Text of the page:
On Friday, 12 August, the first face-to-face meeting of Federal and State Education Ministers in more than a year concluded with an agreement to create a ‘national action plan’ by December to address the growing teacher shortage in Australia’s schools.
According to modelling from the education department, there will be a shortfall of more than 4,000 teaching graduates by 2025. Compounding this challenge, just half of teaching students are completing their teaching degrees, compared to an average of 70% for other degrees.
It is understood the national action plan could include uniform standards for mentoring for new teachers; an apprentice degree model to fast track new teachers into schools; and more skilled visas for teachers to plug workforce shortages.
Federal Education Minister, Jason Clare, said he also wants to explore potential changes to work visas for international students who are already studying in Australia in areas of skills shortage.
While the plan has been welcome by many, others say it falls short in key areas.
“It was good that teachers were represented, and some of the outcomes have merit but it will not solve the immediate problems,” Dr David Roy, a lecturer in education at the University of Newcastle, told The Educator.
“Creating a further line of promotion for staff is welcome, but there should be a clear line of wage growth for all.”
Dr Roy said fast tracking visas for teachers is also questionable, pointing out that many of the countries sending teachers to Australia have the same shortages as our schools do.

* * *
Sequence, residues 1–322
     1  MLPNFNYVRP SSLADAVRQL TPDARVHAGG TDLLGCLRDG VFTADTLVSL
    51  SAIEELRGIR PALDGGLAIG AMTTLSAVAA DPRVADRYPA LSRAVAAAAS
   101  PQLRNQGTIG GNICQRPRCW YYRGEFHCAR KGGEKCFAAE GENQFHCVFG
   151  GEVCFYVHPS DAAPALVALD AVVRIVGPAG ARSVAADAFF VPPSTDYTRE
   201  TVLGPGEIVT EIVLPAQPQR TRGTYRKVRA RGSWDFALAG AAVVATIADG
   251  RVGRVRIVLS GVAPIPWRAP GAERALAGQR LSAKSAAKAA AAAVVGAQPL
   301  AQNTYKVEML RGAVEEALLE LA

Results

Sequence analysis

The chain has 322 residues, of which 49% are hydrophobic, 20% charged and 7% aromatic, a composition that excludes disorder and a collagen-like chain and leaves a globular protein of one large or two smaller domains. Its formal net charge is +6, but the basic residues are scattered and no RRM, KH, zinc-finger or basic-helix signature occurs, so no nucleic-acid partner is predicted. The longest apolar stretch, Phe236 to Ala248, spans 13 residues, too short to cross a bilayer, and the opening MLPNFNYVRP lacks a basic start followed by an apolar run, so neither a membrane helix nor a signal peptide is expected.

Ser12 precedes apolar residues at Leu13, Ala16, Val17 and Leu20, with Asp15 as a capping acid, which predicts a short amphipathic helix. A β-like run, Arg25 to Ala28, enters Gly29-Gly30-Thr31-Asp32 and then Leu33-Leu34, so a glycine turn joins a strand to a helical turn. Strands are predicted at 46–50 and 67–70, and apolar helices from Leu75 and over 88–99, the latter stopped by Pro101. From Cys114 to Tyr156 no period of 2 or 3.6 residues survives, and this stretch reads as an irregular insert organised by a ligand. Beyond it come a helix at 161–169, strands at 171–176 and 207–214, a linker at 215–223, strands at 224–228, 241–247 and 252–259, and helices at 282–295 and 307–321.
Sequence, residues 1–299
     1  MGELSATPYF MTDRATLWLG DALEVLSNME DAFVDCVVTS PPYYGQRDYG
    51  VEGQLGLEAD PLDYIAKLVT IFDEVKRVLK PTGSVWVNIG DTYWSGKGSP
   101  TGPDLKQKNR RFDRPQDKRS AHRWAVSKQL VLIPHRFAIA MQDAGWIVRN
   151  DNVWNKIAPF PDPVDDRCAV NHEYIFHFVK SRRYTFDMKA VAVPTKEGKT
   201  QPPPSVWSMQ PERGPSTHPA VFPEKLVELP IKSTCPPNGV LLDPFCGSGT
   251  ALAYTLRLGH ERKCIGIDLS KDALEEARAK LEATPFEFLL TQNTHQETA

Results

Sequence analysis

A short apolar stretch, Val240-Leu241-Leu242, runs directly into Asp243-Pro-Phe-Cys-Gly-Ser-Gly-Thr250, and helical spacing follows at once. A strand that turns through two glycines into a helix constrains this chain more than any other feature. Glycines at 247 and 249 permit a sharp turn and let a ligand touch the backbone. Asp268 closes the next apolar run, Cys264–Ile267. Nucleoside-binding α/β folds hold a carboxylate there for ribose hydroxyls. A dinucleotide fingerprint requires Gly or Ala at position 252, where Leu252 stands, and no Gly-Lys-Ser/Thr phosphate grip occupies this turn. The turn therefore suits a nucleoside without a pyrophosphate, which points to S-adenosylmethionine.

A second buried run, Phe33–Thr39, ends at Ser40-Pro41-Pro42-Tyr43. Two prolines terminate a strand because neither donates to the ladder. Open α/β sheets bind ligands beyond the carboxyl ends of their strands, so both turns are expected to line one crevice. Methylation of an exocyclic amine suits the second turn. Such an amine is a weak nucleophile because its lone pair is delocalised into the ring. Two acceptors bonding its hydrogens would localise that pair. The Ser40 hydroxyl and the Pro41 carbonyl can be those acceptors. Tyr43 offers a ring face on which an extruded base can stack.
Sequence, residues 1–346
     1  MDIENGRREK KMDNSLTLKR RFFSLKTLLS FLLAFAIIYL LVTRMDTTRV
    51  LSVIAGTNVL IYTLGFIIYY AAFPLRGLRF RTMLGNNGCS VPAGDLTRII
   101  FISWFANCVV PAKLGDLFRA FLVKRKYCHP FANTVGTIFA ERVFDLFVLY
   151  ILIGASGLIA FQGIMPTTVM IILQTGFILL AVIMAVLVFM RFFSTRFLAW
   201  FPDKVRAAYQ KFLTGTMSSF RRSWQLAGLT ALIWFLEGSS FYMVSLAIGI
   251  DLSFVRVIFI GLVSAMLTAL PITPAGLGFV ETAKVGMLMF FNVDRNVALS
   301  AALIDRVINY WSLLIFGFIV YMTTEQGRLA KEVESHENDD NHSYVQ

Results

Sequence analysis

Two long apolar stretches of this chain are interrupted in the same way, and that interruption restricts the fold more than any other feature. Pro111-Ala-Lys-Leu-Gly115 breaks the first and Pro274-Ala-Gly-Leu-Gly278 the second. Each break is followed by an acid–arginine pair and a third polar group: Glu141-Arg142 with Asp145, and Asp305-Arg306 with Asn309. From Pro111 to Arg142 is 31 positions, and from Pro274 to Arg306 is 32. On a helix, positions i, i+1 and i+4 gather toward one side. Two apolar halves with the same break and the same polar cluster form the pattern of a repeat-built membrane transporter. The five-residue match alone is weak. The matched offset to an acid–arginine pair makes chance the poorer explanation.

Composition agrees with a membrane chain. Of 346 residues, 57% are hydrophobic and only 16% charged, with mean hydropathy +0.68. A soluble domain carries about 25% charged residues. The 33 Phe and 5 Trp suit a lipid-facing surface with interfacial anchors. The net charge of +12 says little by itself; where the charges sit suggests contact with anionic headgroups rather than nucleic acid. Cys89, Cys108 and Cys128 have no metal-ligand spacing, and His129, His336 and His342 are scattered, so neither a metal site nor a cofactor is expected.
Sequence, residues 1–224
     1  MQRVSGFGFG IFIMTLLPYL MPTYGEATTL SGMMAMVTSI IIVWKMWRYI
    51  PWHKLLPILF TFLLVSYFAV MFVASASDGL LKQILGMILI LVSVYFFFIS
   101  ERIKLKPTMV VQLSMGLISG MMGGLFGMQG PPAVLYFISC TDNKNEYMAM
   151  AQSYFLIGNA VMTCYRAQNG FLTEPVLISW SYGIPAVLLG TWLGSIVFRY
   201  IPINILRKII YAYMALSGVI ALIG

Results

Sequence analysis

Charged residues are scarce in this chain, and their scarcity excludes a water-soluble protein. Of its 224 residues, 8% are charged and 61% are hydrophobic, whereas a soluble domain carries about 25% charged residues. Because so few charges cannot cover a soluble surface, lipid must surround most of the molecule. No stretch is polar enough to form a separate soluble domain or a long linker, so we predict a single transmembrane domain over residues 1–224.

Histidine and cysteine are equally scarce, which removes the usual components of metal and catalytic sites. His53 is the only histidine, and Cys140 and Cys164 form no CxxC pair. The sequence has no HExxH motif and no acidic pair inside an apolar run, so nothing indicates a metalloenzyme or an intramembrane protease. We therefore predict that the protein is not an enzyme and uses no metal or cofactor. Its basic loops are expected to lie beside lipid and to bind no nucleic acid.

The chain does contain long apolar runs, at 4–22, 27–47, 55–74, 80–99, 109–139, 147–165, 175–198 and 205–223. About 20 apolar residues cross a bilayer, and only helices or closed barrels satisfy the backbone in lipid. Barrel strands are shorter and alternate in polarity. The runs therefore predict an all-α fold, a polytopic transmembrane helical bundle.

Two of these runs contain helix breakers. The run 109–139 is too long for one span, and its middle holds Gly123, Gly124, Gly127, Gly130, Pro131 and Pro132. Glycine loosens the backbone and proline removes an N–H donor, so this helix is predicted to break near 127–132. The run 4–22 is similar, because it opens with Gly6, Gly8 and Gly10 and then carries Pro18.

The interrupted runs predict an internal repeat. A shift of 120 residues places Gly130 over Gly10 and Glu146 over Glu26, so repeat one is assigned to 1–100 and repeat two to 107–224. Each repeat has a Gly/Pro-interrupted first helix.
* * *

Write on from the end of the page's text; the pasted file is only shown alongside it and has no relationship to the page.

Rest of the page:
“New administrative staff may ease the burden, but time needed for teachers is in preparation and that probably requires less class hours to fully prepare. Yes, Initial Teacher Education needs to be considered, which is why it might be important for Initial Teacher Educators to be included in discussions,” Dr Roy said.
“I worry this is more another round of administrative paper pushing, rather than dealing with fundamental issues of wage stagnation and workload and stress. No real immediate solutions have been found.”
Dr Roy said he is also concerned that there is further discussion on content in the classroom, which he believes is “a distraction from the actual issues”.
“Once again, politicians make a large announcement about solutions that do not solve the problems,” he said.
“Deal with wages, deal with stress, deal with university fees, and deal with workload. We have enough qualified teachers in Australia; it is just they can have better lives in other workplaces. We need to encourage them to return to the classroom.”